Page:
Halloween has always been part of my life, even if my mother was morally opposed to trick-or-treating. I still got to wear a black crepe paper witch’s hat and cape, to eat my share of the annual bag of molasses kisses, and to watch my father carve one of the pumpkins he grew into a jack-o-lantern.
It was rare that anyone came to our door looking for treats, but I do recall the tricksters who sneaked down outside of our shelterbelt, planning to let grain out of one of Father’s bins. Father heard a vehicle stop on the road and alerted my big brother, who quietly walked down the yard with a shotgun, hearing them chuckle about their plans, and when the young perpetrators got close to the bin, he fired a shot in the air. They left at top speed, with the bin totally unharmed.
As an older teenager, I finally had the opportunity to go out on Halloween, but the only trick I was part of was smearing grease on the doorknob of one of the local grain elevator, where a friend of ours was the elevator man. He was out and about on mischief of his own and may have been part of the crew that lined up a whole row of outhouses on the wooden sidewalk outside the local general store. Actually, that was pretty tame in those days, when I’ve heard of people dismantling bundle racks and reassembling them on the roof of someone’s barn, and once, somehow, hauling a vehicle up onto a roof. Soaping windows was a popular sport for kids in those days, along with tipping toilets, and I have heard rumours that someone may have mailed a chicken and a cat when post offices still had parcel slots by their doors.
A few years later, I found out that in the city, even adults had time for Halloween fun. We went to a costume party put on by the Housebuilders Association, with the sub trade workers invited, where I saw the most memorable costume ever – a couple dressed as outhouses, complete with half-moon viewing slots in the doors. Talk about imagination! It might not have been great for dancing, but they definitely turned some heads!
As a parent, I stayed home and handed out treats as our kids made the rounds in our Calgary suburb – except for the year they had to stay home, because they had not done their appointed chores. That definitely only happened once, lesson learned. One year, we were in the midst of moving from the house we had just sold to a townhouse in the neighborhood to the north, and our kids made the rounds in their original neighbourhood while I finished cleaning the empty house, then checked out their new surroundings with their pillowcases in hand, gathering so much candy that it lasted well past Christmas.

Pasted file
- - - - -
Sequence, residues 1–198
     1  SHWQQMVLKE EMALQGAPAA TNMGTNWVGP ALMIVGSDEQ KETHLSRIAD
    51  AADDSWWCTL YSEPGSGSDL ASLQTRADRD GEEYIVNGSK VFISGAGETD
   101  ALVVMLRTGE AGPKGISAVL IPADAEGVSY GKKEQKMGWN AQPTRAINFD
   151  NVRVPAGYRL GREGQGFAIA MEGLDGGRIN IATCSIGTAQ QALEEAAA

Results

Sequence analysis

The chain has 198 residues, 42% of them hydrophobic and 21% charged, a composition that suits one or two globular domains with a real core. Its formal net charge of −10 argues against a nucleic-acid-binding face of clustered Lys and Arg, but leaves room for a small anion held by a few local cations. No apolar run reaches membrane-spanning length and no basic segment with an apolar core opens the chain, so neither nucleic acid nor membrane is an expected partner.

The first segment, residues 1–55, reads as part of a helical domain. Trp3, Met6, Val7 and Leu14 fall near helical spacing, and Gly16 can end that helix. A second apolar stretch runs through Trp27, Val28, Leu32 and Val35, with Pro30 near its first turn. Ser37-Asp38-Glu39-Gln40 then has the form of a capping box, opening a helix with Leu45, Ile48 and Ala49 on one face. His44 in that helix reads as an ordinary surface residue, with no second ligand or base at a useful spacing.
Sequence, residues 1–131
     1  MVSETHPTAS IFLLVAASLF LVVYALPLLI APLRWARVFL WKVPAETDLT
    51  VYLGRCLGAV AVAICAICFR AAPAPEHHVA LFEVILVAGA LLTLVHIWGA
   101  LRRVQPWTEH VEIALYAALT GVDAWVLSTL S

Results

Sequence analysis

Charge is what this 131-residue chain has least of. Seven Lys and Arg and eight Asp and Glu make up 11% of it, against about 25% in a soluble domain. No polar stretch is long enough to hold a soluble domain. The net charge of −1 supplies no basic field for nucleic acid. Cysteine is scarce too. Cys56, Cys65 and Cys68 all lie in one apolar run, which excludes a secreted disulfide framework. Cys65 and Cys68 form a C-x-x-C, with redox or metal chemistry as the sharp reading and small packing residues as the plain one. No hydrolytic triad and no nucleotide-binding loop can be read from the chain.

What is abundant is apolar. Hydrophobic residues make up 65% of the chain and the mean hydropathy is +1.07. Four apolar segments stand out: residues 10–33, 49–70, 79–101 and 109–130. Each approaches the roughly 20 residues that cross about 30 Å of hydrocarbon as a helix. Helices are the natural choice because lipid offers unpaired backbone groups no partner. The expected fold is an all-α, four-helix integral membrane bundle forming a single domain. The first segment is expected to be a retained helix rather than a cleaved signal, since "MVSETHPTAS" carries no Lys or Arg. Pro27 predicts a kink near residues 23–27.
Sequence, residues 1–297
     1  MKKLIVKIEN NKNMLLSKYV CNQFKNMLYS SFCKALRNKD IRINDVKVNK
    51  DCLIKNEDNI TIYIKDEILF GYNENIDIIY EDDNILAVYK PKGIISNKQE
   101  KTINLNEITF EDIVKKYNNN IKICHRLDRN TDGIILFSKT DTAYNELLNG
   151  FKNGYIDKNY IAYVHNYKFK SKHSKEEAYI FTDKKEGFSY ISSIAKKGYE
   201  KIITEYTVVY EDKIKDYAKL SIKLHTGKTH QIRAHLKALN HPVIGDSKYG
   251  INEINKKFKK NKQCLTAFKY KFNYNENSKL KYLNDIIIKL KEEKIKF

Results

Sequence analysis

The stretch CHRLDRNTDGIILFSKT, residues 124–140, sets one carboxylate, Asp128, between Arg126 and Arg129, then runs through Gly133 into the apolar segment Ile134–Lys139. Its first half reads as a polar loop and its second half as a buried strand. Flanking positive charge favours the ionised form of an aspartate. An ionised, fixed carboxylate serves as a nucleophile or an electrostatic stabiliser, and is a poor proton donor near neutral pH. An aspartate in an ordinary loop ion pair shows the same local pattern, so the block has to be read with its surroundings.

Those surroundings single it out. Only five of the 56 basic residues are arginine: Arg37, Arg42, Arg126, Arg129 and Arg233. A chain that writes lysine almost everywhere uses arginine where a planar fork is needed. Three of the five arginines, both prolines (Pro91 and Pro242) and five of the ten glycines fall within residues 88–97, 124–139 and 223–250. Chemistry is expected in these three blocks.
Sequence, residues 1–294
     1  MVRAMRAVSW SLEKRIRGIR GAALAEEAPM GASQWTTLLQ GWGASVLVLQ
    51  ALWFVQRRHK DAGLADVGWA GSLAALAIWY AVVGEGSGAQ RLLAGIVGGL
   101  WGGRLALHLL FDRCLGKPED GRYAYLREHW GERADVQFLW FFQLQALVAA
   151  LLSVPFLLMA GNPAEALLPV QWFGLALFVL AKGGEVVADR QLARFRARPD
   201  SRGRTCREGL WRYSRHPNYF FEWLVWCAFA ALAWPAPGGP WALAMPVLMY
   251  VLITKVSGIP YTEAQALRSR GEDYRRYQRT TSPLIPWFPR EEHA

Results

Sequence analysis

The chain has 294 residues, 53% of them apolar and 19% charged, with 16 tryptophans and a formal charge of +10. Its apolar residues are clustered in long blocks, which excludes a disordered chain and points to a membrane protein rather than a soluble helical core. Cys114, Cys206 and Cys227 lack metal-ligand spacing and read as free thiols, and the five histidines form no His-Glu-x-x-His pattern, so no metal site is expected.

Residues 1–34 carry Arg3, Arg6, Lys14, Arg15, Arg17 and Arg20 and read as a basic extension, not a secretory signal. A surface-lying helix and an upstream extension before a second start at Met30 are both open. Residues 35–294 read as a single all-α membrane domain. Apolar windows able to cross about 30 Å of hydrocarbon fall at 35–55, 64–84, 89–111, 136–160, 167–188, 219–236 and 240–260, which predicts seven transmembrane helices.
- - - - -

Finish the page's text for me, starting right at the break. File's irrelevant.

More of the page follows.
That may well have been their last opportunity to trick-and-treat, because by the following year, we were on the farm, and four years after that, we were up here on the ranch in the valley. A memorable Halloween a year or two later had us returning from a very long cattle auction to discover that one of our boys had dressed in an old black rain slicker so it covered up his head, hopped on the Shetland pony and ridden down to the neighbours as the Headless Horseman.
Then there was the year when we came home on Halloween and saw that the lights had been left on in the barn and went to turn them off, and discovered the milk cow in her stall, wearing a bareback rigging – she apparently had an opportunity to dress for the occasion as well.
I’ve never seen an actual cow in costume since then, just humans in cow costumes, and I actually went to the library story-time one year in a cat costume. Driving when you have a tail isn’t easy, believe me!
And now, my Halloween wreath is on the front door, pumpkin lights shining bright nearby and my battery-lighted jack-o-lantern right by the bowl of molasses kisses… and I just finished altering an outgrown skunk costume… just in time for Halloween!